What's at the intersection of the future and past of publishing? Content.
It was billed as #thelastprintissue. That was Newsweek's cover in late December. The announcement came across as a mix of optimism and finality. Look at the last print issue of Newsweek and it seems like a New Orleans funeral. We were happy, we were sad, we played great music, and we now see something else on the horizon.
I found Newsweek's "passing" fascinating. It might surprise you to hear this from a digital publishing evangelist, but I do believe that print and digital will live side-by-side. It's never the death of one and the new life of another. Just as we called Internet media new media and now we call it all media, I believe at some point very soon publishing will be called publishing. It will no longer be divided into digital publishing and print publishing. It's publishing. Content. I find it much more interesting. It's the intersection of future and past.
What I observed with the Newsweek migration was a sense that this is the beginning rather than the end. I'm not sure that the scale involved for magazines like Newsweek is long for the future. But I look at all the large-scale magazines and I see the success that they are having and I have to believe that they have great audiences and great content. It meets at content.
What tips the balance? The balance will be tipped by brands. Brands will be the ones to decide that their lasting image in the print magazine is worth their focus and money. Brands will also decide that the flexibility and agility of digital publishing is worth their focus.
The other tipping point is content itself. The digital publishing platform very simply allows for niche interests at low overhead. We're seeing more interesting content published and more specific niche-oriented interest addressed than ever before. I would argue that this is the golden age of publishing. Newsweek bye-bye. Daily Beast, hello. But understand that it is publishing and content. Discovery of that content that will drive this business. The content business. The publishing business.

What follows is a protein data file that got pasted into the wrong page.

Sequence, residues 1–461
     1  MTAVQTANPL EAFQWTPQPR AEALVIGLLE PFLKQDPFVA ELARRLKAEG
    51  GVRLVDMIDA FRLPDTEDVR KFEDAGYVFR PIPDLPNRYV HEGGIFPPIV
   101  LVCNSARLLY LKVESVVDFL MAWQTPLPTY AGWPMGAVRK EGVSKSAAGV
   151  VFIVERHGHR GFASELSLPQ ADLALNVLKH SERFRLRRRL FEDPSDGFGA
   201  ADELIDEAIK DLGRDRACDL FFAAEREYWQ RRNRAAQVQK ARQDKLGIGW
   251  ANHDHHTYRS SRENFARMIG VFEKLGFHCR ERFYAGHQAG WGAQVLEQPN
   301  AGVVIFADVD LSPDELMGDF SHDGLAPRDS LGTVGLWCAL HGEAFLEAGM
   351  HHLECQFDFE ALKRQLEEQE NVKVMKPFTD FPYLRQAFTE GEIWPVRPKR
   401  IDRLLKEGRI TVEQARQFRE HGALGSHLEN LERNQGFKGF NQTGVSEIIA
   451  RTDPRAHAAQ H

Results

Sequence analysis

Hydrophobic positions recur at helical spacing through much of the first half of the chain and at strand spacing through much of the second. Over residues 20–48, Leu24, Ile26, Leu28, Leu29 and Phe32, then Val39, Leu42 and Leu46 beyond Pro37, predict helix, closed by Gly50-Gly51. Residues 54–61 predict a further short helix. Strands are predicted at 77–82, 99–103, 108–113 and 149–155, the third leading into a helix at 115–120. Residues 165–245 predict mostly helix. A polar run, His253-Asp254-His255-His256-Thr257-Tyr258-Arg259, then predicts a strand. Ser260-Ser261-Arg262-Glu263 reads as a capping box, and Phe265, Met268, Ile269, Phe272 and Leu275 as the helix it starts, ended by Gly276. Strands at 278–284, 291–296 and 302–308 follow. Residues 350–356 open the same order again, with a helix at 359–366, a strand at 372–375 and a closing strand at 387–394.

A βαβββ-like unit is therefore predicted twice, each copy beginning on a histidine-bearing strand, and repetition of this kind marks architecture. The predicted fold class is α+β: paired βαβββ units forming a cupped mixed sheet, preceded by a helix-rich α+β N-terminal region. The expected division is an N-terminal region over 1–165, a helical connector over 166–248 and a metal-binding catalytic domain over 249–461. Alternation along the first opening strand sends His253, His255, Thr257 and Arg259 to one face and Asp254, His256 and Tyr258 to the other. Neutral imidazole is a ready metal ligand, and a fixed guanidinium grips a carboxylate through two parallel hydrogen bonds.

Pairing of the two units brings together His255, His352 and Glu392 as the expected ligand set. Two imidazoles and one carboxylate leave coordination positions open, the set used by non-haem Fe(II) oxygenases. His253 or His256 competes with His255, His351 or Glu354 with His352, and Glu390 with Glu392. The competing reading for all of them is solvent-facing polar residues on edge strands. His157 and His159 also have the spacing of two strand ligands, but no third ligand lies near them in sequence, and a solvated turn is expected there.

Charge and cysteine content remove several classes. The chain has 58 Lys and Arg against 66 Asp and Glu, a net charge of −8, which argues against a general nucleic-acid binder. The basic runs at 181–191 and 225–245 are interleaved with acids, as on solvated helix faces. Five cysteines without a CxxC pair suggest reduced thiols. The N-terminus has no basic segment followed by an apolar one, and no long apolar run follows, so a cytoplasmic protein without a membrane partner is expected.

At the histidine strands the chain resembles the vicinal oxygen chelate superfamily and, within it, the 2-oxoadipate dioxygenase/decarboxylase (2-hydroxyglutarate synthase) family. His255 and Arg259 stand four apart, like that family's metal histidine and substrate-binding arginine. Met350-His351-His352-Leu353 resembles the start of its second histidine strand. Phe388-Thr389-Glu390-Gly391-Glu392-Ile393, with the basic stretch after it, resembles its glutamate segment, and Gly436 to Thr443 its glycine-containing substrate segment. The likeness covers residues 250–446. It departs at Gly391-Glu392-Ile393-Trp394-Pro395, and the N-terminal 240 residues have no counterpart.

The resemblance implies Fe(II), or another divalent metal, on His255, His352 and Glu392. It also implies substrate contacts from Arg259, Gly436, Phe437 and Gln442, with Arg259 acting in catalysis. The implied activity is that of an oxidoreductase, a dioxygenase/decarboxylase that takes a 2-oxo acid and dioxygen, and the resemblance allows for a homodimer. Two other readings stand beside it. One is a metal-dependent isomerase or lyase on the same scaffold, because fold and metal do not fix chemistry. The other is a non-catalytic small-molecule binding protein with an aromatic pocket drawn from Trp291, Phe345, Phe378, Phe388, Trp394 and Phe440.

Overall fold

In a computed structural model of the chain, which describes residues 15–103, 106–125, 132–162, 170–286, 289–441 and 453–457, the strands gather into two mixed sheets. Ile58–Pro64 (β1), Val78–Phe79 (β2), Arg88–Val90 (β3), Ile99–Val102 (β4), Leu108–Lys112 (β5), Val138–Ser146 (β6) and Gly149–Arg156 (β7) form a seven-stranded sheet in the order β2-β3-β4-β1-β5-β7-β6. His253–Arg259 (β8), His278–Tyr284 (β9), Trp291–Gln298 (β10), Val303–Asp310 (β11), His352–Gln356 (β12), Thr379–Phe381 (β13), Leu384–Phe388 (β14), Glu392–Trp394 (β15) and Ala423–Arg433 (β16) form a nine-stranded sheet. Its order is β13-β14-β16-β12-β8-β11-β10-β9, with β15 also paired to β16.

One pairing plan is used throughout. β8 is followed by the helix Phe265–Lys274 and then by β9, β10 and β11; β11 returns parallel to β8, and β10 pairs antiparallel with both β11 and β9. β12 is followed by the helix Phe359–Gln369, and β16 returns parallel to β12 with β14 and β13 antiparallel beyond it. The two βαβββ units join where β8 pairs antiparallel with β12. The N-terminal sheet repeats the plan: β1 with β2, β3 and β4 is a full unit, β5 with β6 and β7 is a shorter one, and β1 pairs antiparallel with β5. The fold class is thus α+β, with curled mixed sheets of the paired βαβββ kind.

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Jeanniey Mullen, a recognized women-in-business and tech, is known for her entrepreneurial style and her ability to build, shape, and grow brands into well-known dominant, successful entities. Jeanniey is a pioneer in email, mobile, and digital marketing; publishing; and brand-building. She now leads her own agency, YellowBean LLC, focused on assisting companies of all sizes with driving innovation and growth. Most recently, Jeanniey was the Global EVP, CMO, and subsequently Chief Growth Officer for Zinio, where she worked to define and implement strategies creating explosive growth through strategic partnerships with publishers, technology companies, brands, and consumers during her five-year tenure. Jeanniey has authored and contributed to multiple books, blogs, and magazine articles. She is a regular columnist for ClickZ, a blogger for Huffington Post, and a frequent keynote speaker. A serial networker, in 2005 Jeanniey founded the Email Experience Council, which was sold to the Direct Marketing Association in 2008. She sits on the Advisory Board for IndieFlix, and on the International Executive Council of the Internet Marketing Association. Jeanniey is recognized as both a Top CMO and Top Author on Twitter, and was most recently featured as Mover and Shaker by the Professional Woman's Magazine, and a featured Woman in Technology by The Legacy Series Magazine.
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